“I felt as good as I’ve ever felt after an opening game, I’ll tell you that,’’ Brady said. “It was pretty remarkable what the guys up front did. I mean [Cincinnati’s] a good team.

“The challenging part about that defense is the way they rush the passer. I thought up front we played an incredible game. If we can keep playing like that, it’s going to be pretty tough on opposing defenses. That was a great start by the offensive line. The backs protected great, the tight ends protected great. We ran the ball. It’s a different team this year, I’m telling you. It’s a different team.’’

How so, specifically?

“There’s a lot of things,’’ Brady said. “There are three different tight ends that add different skill sets. That’s a big position in our offense. Fred Taylor, you saw the way he ran.

“He wasn’t out there a whole lot last year. So you add that with a bunch of other new additions, the defense and leadership and our attitude and a whole different take from everybody. I think really it’s been a good attitude this whole year. That’s what we’ve got to continue. That’s how you win games.’’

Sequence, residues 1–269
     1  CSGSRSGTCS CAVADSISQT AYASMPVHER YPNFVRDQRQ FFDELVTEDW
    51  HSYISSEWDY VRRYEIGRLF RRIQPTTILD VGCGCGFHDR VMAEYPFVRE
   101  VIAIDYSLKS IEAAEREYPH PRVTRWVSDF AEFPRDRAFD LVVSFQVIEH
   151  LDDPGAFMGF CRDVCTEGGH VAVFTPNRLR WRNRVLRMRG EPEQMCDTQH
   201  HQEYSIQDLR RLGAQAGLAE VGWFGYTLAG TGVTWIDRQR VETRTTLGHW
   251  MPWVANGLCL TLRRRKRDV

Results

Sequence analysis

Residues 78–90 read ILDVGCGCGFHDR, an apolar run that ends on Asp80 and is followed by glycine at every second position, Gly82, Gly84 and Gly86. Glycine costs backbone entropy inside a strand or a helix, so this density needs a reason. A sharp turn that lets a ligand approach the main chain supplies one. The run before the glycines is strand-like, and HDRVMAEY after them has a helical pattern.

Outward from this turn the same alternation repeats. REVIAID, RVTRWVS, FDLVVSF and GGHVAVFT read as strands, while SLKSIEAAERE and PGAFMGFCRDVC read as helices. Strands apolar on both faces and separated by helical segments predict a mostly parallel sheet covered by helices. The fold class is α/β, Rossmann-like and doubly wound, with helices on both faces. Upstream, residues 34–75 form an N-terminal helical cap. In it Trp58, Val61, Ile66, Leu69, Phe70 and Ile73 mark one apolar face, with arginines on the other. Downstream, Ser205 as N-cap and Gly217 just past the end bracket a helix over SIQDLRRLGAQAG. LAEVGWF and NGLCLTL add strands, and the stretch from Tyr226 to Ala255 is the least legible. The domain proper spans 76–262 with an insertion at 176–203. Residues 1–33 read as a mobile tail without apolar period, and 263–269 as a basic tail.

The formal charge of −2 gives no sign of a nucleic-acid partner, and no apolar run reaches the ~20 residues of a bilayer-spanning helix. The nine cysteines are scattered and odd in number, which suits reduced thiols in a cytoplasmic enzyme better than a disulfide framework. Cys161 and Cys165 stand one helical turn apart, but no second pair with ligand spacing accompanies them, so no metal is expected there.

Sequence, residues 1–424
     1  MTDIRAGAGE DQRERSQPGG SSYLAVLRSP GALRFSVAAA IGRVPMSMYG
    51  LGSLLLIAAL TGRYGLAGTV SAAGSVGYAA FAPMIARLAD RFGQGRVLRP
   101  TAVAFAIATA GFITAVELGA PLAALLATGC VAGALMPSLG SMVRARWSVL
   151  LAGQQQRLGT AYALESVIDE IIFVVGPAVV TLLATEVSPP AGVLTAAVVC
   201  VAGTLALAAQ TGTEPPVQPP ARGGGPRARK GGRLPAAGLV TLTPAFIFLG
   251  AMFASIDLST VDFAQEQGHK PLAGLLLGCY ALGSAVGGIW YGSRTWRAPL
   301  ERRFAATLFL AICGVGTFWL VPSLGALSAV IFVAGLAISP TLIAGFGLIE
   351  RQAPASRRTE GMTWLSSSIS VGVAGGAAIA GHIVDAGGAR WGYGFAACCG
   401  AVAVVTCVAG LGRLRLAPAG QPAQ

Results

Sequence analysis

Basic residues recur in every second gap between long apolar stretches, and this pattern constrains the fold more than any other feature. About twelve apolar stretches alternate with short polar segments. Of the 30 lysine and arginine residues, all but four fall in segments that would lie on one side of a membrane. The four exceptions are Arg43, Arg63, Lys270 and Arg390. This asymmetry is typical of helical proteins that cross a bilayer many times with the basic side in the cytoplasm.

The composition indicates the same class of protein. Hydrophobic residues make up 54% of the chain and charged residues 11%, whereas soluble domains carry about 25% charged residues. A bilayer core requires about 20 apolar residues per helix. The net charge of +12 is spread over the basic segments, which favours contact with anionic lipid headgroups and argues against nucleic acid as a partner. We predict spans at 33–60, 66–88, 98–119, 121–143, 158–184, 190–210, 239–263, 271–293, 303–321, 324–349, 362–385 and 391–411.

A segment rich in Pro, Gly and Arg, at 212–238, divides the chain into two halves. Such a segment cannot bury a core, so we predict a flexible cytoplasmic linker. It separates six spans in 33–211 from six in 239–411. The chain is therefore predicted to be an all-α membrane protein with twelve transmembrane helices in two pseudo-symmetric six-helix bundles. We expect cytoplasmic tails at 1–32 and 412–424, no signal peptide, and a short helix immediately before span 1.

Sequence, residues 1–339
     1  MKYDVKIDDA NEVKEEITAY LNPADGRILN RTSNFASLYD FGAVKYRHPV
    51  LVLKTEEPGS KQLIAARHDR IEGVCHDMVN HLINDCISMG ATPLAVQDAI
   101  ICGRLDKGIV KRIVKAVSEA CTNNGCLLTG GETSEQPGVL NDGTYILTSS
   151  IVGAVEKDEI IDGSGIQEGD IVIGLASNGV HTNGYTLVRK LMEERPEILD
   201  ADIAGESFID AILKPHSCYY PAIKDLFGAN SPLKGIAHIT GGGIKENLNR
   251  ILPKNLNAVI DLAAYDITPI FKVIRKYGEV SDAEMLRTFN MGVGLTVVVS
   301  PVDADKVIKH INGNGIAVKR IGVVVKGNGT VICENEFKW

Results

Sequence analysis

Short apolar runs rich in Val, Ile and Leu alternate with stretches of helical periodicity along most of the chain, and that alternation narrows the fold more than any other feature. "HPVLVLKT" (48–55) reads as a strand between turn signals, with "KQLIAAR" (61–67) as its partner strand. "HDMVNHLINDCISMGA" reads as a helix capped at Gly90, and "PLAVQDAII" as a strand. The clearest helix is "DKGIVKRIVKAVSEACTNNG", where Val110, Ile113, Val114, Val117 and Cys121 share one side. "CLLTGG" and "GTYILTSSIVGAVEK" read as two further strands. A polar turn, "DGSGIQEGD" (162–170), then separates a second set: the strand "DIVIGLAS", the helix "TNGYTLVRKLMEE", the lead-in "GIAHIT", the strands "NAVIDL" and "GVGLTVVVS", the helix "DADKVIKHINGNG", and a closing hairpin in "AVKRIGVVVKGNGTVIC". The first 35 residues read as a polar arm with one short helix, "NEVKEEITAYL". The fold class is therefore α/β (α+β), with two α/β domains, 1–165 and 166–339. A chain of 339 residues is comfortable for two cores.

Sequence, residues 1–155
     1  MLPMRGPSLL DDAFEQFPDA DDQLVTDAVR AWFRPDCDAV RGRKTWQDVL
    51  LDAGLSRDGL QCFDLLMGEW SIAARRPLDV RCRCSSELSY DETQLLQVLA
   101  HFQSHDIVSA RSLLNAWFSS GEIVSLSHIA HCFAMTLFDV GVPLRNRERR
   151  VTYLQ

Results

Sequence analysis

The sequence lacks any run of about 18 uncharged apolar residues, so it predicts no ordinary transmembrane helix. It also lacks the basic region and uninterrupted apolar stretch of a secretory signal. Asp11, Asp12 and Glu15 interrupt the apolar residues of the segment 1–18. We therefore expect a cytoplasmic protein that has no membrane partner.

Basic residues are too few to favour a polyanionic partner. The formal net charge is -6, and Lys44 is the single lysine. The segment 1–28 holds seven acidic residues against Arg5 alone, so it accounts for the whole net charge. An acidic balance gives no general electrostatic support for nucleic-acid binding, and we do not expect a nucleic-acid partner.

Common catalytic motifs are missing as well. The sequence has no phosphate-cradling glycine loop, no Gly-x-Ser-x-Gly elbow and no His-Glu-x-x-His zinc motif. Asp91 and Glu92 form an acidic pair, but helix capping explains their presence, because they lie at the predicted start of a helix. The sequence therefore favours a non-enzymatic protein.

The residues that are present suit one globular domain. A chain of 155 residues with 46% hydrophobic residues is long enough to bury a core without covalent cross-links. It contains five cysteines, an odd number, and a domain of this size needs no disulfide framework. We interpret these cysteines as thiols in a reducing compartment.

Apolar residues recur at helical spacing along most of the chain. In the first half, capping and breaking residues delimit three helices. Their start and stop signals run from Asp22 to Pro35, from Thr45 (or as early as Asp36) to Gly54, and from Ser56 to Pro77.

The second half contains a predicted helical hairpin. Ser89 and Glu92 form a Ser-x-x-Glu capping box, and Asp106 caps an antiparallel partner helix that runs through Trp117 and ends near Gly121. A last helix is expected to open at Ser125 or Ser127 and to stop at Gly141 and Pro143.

Brady said getting his contract sealed was a “huge relief.’’

“Just because, without a contract, you don’t know where you’re going to be in four or five months,’’ Brady said. “You always say, ‘There’s the franchise tag,’ but no one knows if there’s a franchise tag next year. And the franchise tag doesn’t work out so often.

“To actually know where I’m going to be is a huge relief more than the financial security. To know my kids can go to school here. My wife and I love it here, so there’s no place where we wanted to go. That’s the best part about it. Having the understanding that this is our home. This is where we want to be.’’

Shalise Manza-Young of the Globe staff contributed to this report; Monique Walker can be reached at mwalker@globe.com.